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Monday, May 10, 2010

AMA WANTS IT CLEAR THAT NURSES WITH DOCTORATES ARE NOT AS GOOD AS THEY ARE,,,WHAT ARROGANCE!

 http://www.aafp.org/online/en/home/publications/news/news-now/professional-issues/20090624ama-dnp.html

2009 AMA House of Delegates Meeting

AMA Testimony Reveals Subspecialists Don't Like DNP Equivalency Claims, Either




The AAFP received a strong show of support from subspecialists and other physicians for its earlier objections to the way the National Board of Medical Examiners, or NBME, has been presenting its new certification examination for doctors of nursing practice, or DNPs. In fact, a resolution introduced during the 2009 annual meeting of the AMA House of Delegates, held here June 13-17, originally asked the AMA to withdraw its representatives to the NBME if the two organizations could not see eye-to-eye on what the resolution's sponsors termed "the integrity of the physician licensure process."
Photo of AAFP President Ted Epperly, M.D., testifying at the AMA 
annual meeting about doctors of nursing practice
AAFP President Ted Epperly, M.D., (at microphone) testifies to an AMA reference committee that the National Board of Medical Examiners has yet to make good on its assurances that it would clarify its doctor of nursing practice certification exam in no way confers equivalency between physicians and "doctor-nurses."
Listen to an audio statement (6:57-minute MP3 file; About Downloading) by AAFP President Ted Epperly, M.D., about his AMA testimony on a resolution addressing the doctor of nursing practice certification exam.
Although the resolution's sponsors later amended the measure to remove the withdrawal language, ultimately, the resolution was referred for further consideration in light of the many complexities associated with the DNP certification issue.

The resolution, "Preserving Physician Licensure Integrity and Fostering Competition in its Business Aspects," was introduced by the American Society of Anesthesiologists, the American College of Emergency Physicians, the American Society of Plastic Surgeons, the College of American Pathologists and the Indiana delegation to the AMA.

In the resolution, the groups took issue with several statements made in an NBME white paper (8-page PDF; About PDFs). Among the statements made in that paper, "NBME Development of a Certifying Examination for Doctors of Nursing Practice," are the following, shown here with the same emphasis that appeared in the groups' original resolution:
  • the DNP certification exam uses the "test blueprint developed for USMLE (United States Medical Licensing Exam) Step 3 as a basis for its design";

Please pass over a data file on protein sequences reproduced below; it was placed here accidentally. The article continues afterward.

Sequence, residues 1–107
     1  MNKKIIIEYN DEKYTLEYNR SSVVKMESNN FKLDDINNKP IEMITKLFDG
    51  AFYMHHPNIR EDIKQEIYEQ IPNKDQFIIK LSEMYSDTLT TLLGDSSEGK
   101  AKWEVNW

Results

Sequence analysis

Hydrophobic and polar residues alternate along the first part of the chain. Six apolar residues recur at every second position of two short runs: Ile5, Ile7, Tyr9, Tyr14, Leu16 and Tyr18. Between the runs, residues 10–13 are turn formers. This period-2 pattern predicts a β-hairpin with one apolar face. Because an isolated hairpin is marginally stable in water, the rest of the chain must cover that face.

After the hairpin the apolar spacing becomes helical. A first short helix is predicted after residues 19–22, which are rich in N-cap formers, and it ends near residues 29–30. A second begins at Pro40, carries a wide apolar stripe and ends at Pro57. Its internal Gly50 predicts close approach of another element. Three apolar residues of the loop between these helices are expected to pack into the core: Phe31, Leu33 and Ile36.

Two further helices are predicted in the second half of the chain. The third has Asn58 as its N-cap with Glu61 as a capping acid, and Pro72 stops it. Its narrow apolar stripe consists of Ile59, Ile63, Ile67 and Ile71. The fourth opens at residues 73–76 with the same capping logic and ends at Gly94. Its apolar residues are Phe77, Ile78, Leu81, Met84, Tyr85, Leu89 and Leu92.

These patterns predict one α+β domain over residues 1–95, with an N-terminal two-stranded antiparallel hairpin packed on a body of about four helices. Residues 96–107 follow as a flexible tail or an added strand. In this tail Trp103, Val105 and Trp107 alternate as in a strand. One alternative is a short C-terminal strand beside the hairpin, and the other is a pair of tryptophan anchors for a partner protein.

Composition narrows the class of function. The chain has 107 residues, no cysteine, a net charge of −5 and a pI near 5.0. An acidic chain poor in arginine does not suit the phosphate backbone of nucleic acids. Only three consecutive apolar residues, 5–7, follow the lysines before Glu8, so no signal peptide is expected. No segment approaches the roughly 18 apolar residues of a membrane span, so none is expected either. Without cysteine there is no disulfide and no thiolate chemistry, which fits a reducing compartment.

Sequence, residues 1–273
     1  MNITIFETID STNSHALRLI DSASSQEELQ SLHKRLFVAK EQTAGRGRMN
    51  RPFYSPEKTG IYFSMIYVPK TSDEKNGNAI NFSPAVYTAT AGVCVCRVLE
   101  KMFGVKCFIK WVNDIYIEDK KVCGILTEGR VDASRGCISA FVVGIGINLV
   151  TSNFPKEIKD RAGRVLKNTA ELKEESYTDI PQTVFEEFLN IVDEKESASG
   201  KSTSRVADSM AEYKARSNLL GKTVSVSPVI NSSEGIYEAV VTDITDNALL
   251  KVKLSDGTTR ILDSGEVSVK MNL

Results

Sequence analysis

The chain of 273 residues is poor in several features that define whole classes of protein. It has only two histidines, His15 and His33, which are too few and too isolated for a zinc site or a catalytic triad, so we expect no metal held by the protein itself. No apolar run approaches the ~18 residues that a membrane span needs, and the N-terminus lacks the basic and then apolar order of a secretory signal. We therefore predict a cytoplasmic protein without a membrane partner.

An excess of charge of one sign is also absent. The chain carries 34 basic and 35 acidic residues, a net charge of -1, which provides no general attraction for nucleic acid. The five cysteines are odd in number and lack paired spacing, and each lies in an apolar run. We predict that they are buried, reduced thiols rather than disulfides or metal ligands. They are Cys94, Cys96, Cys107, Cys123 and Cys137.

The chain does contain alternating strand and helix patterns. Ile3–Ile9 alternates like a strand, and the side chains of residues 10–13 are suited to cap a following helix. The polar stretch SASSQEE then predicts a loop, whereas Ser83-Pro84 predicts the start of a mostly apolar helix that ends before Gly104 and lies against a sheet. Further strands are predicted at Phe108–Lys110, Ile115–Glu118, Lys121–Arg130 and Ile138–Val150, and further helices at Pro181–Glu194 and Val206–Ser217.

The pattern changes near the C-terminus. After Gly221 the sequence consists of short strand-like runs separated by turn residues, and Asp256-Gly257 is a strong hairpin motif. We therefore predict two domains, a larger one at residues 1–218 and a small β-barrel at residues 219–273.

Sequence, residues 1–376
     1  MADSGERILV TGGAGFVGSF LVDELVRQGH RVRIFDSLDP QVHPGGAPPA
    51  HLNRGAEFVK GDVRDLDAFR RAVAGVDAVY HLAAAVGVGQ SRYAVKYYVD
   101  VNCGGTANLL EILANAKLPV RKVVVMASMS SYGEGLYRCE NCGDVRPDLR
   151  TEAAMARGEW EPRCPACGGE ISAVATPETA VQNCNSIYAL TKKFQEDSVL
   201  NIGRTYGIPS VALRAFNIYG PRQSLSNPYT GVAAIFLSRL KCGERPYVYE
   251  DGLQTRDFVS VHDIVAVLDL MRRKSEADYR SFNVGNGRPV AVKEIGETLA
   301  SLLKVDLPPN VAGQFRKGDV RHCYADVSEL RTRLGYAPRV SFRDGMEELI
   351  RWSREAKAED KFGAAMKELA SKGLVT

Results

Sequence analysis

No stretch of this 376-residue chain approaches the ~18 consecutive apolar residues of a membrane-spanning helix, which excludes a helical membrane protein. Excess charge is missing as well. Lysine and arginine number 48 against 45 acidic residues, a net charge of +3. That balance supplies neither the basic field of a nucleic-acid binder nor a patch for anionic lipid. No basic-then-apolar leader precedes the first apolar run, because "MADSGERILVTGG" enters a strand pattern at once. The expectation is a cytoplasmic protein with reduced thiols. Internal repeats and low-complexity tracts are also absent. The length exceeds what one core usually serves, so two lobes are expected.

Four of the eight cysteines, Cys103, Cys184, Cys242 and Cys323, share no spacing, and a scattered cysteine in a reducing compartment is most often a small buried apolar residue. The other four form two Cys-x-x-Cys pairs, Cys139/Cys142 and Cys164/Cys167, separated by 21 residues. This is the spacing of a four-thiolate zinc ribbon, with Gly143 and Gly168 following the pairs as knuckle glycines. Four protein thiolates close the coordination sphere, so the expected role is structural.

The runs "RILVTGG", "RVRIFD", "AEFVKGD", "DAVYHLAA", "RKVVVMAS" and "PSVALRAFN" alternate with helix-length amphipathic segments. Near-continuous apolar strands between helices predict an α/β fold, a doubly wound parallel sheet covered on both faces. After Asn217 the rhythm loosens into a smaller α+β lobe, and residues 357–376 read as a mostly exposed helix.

• "the exam will utilize test items previously used in the USMLE Step 3 examination"; and
  • an NBME "review of the scientific literature does not support a contention that the clinical services provided by nurse practitioners are inferior to similar clinical services provided by physicians. Numerous studies demonstrate that when nurse practitioners are compared to physicians, NPs provide equivalent levels of safety and quality of care for acute and chronic medical problems."
The resolution went so far as to direct the AMA and its physician member organizations to "explore other physician licensure options to compete with the NBME." Moreover, the resolution said, "if the NBME is unwilling to preserve the integrity of the physician licensure process," the AMA should withdraw its representatives to the NBME.

In testimony before the AMA reference committee considering the resolution, several speakers made strong statements about any appearance of equivalency between physicians and DNPs.

AAFP President Ted Epperly, M.D., of Boise, Idaho, said the NBME has reneged on its promises that it would make clear that the DNP certification exam is not equivalent to the process involved in physician certification.

These equivalency claims "must be stopped," Epperly said.

DNP Advocate Addresses AMA Council

On June 12, a day before the AMA House of Delegates' opening session, Mary Mundinger, R.N., Dr.P.H., dean of the Columbia University School of Nursing in New York, spoke to members of the AMA Council on Medical Education. Mundinger is a major proponent of the doctor of nursing practice, or DNP, degree and the DNP certification exam administered by the National Board of Medical Examiners, or NBME.

Mundinger told council members that critics of the DNP program and certification claim that she and others want "inadequately trained people (to) replace physicians in primary care."

Not so, said Mundinger, emphasizing that DNPs are licensed first as registered nurses who later earn a master of science degree. After additional training and experience, she said, there is a small overlap in the clinical skills used in nursing and those used in medicine, and the NBME's DNP certification exam is intended to measure that overlap area.
Telling the reference committee that the "anger is real" regarding the NBME's portrayal of the DNP exam, William Hazel Jr., M.D., an orthopedic surgeon and a member of the AMA Board of Trustees, urged the NBME to use "clear and accurate language" to describe what the DNP certification exam does and does not do.

John Neeld Jr., M.D., an anesthesiologist, testified that the American Society of Anesthesiologists has been very concerned that such equivalency claims would arise, because the DNP certification exam uses the same questions as USMLE Step 3. "We want (the NBME) to address this claim of equivalency," he said.

The issue goes far beyond a disagreement about scope of practice or "turf," other speakers agreed, saying that nothing less than the quality of patient care is at stake.

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